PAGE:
September 27, 2005
One of the key issues during the 2003/2004 - CAW/CN contract negotiations, which lead to a one month strike by CAW members, was
the issue of discipline.  Prior to collective bargaining, CN advised all unions representing CN workers that they were departing from the
long-established Brown System of progressive discipline, using instead a non-demerit approach that included arbitrary and harsh
deferred suspensions, and in some cases, automatic dismissal.

Experiencing the same type of heavy-handed discipline that CAW members were being subjected to, so were members of the United
Transportation Union (UTU) [conductors, yard service employees and traffic coordinators].  In response to this new, unorthodox-type of
discipline, the UTU challenged CN before the Canadian Railway Office of Arbitration (CROA).  Unfortunately, the UTU lost.  

Arbitrator Michel Picher ruled in
CROA 3374 (PDF) that CN was not violating any agreements between the parties, but rather changing
their Company policy with respect to discipline, all while doing so, keeping within the procedural requirements and protections of the
UTU/CN Collective Agreements.

Reference to the Brown System in the UTU collective agreements (as in the case of most if not all CN collective agreements) was
"extremely spare," as according to Arbitrator Picher.  It was on this basis that he ruled CN's departure from the Brown System was not a
violation of the collective agreement on account there were no specific provisions enshrining this system within the collective agreement,
thus he dismissed the grievance.

With this decision in mind, the CAW brought the matter to the bargaining table and "negotiated-back" the Brown System at the CAW/CN
bargaining table.  This achievement was shown as "Attachment C" in both Local 100 and Council 4000 Memorandum of Settlements.  

The CAW was of the opinion that Attachment 'C' would form part of the collective agreements being it was negotiated at bargaining and
the letter of settlement did not specify otherwise.  Normally, items agreed upon at the bargaining table that are to not form part of the
collective agreement specifically state such within those documents.  Notwithstanding, CN argued that the discipline letter was never
intended to be printed in the collective agreements.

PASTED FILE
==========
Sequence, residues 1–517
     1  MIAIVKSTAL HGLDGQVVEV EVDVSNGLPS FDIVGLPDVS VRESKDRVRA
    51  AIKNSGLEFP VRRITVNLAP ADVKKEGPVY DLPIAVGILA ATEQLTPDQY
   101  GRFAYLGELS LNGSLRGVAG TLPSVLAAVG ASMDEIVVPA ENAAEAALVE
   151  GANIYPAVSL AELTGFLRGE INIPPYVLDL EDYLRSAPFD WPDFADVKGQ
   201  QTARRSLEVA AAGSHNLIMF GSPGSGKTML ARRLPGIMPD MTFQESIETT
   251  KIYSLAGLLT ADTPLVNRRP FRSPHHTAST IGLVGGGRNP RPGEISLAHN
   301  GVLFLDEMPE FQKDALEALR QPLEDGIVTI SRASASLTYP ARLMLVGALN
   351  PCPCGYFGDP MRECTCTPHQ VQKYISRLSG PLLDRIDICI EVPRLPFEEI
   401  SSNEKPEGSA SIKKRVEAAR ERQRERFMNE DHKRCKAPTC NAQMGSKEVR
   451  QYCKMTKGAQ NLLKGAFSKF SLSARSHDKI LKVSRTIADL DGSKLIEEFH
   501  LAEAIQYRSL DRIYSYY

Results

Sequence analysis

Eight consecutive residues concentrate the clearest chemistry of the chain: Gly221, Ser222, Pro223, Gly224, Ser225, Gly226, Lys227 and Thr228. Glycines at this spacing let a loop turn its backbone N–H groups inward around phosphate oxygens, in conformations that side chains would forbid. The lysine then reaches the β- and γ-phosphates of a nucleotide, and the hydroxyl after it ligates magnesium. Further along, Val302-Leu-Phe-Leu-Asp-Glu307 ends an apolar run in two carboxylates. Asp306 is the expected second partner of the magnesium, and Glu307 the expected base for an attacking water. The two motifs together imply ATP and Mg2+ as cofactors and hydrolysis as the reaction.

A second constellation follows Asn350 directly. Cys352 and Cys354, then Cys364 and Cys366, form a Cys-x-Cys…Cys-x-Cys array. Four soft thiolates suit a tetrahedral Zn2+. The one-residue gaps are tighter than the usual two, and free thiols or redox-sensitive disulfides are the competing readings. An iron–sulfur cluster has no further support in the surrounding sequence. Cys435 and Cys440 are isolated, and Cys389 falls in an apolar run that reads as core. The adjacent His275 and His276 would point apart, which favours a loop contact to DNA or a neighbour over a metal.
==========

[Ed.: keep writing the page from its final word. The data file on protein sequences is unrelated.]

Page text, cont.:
Consequently, the CAW referred the dispute to arbitration.  In a well presented case made before Arbitrator J.F.W. Weatherill by National
Representative Abe Rosner, Arbitrator Weatherill agreed with the union that Attachment 'C' is to form part of the CAW Collective
Agreements and printed as such.

In his award, Arbitrator Weatherill expressed the following:

"In the instant case, Attachment C is specifically referred to in clause 19 of the memorandum of settlement.  In my view, the clause should properly be read
as incorporating the Attachment by reference, the statement that the issue of discipline "is resolved on the basis of Attachment C" making reference to the
attachment necessary for an understanding of what the basis of settlement in fact was - that is, what the actual agreement of the parties with respect to that
issue.  While that, in my view, is sufficient to decide the present case, it may also be noted that there is no disagreement that the issue of the system of
discipline was an important one in the negotiations, and to include the terms of its resolution in the printed copy of the collective agreement would appear
to be a matter of common sense.  The parties did not specifically and expressly agree to print or not to print the Attachment together with the collective
agreement, but for the reasons I have set out above it follows, in my view, both from the general provisions of Rule 58 (the agreement is to be printed
together with 'its addendums', of which Attachment C is certainly one), and the particular incorporation by reference of the Attachment in clause 19 of the
Memorandum of Settlement, that the Company is obliged to print the terms of Attachment C with the collective agreement.

It is, for the foregoing reasons, my award that the relief requested by the union in the Joint Statement of Issue be granted."

The CAW won their grievance, meaning the system of discipline CN is to use for CAW members (the Brown System) as negotiated, will
be enshrined appropriately in the CAW Collective Agreements.        

The full award will be published on
cawcouncil4000.com in the coming days.
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